They say that truth is stranger than fiction. This has never been more true than for Tim Burton’s Big Eyes, a film based on real-life events that transpired in the 1960s and circled around the sad, big-eyed, and superbly popular art by Keane. A passion project by Tim Burton (he’s a personal collector of Keane’s work), he uses bright colors and off-putting settings to bring the bizarre story to life. And with Amy Adams and Christoph Waltz portraying the Keanes and their tumultuous relationship, we get a film that, from the outside, looks happy and tranquil, but is stirring with underlying tension.
Margaret Ulbrich (Amy Adams) is leaving her husband Frank. In the 1950s, this is relatively unheard of, and for a while she struggles to be a woman on her own as well as a single mother to her daughter Jane (Madeleine Arthur). Margaret meets Walter Keane (Christoph Waltz), an artist and real estate businessman. They don’t know each other long before they’re married. Walter convinces Margaret to begin showing off her artwork here and there for people to admire and purchase.
A good marketer, he convinces a local restaurant owner to display his wife’s art and when asked about the artist, Walter takes the credit for all the art and therefore begins overshadowing his wife. After Margaret’s work explodes and sweeps through the art world like a tornado on adrenaline, she’s heavily influenced by her husband’s condescension, lies, and deceit. In this sweep of fear for herself and from people, she foregoes her only friend (Krysten Ritter), convinces her daughter that the art is actually Walter’s, and while she lives in a beautiful mansion and practically has the life everyone envies, Margaret knows this is not what she signed up for when she married Walter.
Tim Burton directs with a deft hand, the intriguing and sometimes slightly off-kilter factor that Burton usually employs in his films to begin with is highly present in Big Eyes, especially when the story is just as bizarre as his own personal directing choices. The colors are bright, which belie the fact that anything odd is going on. The film looks like a nicely wrapped present that isn’t exactly what it seems, but once you open it up, it’s a complicated mesh of ugly events that transpire right in front of our eyes, and from an audience’s perspective, the story line alone might leave you with your jaw hanging open.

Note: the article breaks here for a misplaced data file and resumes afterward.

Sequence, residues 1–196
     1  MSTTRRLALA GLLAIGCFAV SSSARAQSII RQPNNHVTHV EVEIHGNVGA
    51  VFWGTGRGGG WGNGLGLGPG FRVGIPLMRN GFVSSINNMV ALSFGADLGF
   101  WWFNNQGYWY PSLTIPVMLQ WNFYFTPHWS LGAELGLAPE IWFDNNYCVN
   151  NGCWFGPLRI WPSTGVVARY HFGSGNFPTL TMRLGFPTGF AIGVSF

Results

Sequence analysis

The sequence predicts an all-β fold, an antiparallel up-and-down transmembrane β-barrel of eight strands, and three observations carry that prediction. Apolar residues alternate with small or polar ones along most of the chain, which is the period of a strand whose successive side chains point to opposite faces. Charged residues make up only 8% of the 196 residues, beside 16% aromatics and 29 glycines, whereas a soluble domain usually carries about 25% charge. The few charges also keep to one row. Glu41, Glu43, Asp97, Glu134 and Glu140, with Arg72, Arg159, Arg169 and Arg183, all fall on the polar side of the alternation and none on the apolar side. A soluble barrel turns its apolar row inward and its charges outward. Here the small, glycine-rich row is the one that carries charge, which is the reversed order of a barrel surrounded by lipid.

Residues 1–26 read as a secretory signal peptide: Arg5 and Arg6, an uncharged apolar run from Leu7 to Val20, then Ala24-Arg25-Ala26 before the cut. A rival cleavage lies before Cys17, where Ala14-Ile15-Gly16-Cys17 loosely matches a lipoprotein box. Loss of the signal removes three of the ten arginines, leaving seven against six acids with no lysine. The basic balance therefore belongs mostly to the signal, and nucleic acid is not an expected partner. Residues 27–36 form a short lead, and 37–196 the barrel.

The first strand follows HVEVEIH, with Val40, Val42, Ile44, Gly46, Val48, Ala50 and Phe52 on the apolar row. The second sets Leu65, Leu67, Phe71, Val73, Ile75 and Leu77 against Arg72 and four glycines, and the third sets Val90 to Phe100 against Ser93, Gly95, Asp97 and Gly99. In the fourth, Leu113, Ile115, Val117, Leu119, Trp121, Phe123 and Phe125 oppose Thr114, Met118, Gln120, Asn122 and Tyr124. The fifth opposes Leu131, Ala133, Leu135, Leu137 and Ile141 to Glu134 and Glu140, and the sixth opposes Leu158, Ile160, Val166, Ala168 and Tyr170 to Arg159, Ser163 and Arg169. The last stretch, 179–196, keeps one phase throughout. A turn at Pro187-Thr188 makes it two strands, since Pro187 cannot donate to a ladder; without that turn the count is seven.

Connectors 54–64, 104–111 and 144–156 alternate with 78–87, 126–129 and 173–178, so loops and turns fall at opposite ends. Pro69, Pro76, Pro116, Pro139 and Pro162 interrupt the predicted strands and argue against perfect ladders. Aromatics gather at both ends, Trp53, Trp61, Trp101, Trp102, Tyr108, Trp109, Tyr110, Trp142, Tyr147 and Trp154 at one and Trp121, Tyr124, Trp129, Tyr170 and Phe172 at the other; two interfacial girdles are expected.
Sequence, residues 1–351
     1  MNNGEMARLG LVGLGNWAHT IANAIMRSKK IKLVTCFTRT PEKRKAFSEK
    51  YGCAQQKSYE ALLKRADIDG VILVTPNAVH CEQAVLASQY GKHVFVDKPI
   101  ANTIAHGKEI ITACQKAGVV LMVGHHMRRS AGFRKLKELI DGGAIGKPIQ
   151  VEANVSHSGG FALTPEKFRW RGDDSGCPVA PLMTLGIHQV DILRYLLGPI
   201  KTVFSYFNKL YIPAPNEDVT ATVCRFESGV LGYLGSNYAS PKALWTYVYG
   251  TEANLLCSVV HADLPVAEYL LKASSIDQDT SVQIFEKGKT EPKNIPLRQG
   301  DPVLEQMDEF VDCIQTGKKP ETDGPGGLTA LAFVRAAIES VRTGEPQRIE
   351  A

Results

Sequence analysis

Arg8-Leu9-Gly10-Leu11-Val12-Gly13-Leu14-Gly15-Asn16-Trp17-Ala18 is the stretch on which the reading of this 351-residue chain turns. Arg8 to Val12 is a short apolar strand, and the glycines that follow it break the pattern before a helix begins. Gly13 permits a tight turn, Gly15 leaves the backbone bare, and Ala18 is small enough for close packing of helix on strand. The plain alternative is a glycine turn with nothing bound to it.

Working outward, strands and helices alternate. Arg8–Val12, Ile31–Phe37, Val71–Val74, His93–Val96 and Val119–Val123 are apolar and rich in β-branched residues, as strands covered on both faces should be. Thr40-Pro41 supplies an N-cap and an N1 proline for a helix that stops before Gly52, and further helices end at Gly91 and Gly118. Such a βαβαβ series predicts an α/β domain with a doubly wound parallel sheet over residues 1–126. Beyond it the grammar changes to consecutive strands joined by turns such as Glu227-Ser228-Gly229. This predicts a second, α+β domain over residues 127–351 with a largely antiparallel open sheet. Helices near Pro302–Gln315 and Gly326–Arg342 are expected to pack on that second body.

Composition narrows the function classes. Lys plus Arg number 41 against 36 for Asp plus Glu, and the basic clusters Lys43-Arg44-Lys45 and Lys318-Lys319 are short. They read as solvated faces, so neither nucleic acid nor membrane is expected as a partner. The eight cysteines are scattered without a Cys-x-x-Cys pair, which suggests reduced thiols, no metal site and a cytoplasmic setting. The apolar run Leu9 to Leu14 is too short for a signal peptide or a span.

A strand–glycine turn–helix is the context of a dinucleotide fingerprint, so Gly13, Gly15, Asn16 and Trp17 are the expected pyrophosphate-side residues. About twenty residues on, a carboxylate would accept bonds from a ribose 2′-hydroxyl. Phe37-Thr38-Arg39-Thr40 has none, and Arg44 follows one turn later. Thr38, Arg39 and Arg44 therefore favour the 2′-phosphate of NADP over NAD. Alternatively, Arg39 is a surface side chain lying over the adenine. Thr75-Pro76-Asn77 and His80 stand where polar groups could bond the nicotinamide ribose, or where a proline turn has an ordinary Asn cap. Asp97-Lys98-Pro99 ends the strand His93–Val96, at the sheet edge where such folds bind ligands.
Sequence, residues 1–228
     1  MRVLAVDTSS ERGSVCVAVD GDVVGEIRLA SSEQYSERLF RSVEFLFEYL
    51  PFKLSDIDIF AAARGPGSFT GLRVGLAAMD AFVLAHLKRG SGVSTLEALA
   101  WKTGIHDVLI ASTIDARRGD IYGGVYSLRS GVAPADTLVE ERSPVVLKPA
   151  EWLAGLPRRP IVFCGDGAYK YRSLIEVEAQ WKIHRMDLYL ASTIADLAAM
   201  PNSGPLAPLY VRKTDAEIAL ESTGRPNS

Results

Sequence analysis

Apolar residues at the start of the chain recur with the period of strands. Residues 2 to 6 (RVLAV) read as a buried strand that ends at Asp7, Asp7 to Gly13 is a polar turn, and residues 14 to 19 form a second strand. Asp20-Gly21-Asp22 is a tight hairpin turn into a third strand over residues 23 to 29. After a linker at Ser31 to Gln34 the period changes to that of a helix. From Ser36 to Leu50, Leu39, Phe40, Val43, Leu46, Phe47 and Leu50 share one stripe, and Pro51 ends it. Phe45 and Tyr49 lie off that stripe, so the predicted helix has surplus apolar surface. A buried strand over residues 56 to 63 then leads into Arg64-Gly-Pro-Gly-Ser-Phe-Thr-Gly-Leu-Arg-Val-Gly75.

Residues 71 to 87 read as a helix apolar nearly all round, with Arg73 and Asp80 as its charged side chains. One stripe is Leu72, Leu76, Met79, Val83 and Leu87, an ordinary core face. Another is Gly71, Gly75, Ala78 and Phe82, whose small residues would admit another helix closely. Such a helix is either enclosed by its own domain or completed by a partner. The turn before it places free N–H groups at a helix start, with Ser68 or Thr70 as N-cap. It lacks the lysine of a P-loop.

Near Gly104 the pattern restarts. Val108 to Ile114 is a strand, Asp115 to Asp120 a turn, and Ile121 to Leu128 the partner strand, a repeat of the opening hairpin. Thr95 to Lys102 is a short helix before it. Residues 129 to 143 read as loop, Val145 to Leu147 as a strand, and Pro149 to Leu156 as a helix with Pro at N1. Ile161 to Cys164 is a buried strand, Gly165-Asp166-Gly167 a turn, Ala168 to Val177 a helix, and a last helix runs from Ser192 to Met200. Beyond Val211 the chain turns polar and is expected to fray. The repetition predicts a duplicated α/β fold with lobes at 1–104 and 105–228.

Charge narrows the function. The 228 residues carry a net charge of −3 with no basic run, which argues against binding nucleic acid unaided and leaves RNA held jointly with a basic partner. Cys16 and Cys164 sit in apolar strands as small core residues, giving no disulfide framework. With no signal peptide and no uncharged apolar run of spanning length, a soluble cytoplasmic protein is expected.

Christoph Waltz, used to taking on roles that involve a bit of crazy, slips into the shoes of Walter Keane so well, you’d think he was there all his life. Waltz commandeers the role and swings between personalities so quickly it’s impressive. One second he’s charming, the next a great salesman, and the next subtly threatening, before turning into outright scary. His eventual delusions about being an artist complicate things further and only serve to make him look more like a madman.
Amy Adams is always adept in playing doe-eyed, innocent women who’ve been wronged in some way, shape, or form. And her turn as Margaret Keane is no exception. She’s caught between being the gullible woman who lives in a time where being a woman on your own is unacceptable, and being able to take charge. Adams highlights these changes throughout the film as we see Margaret go from one chapter of her life to the next and the actress pulls it off very well.
Tim Burton instills the film with its own charm, even as the events of the film progress and the main characters’ relationship turns ugly in nature. There’s still something entertaining about it and Burton makes sure not to take too dark of a turn when it comes to this material, perhaps to also highlight how crazy the story actually is. Big Eyes is something you’ll want to see play out for yourself. If you’re familiar with the story, you’ll find that there are little tidbits you may not have known, and if you’re not familiar with it, well then you’re definitely in for a crazy ride that will really make you ask how this story could have possibly happened.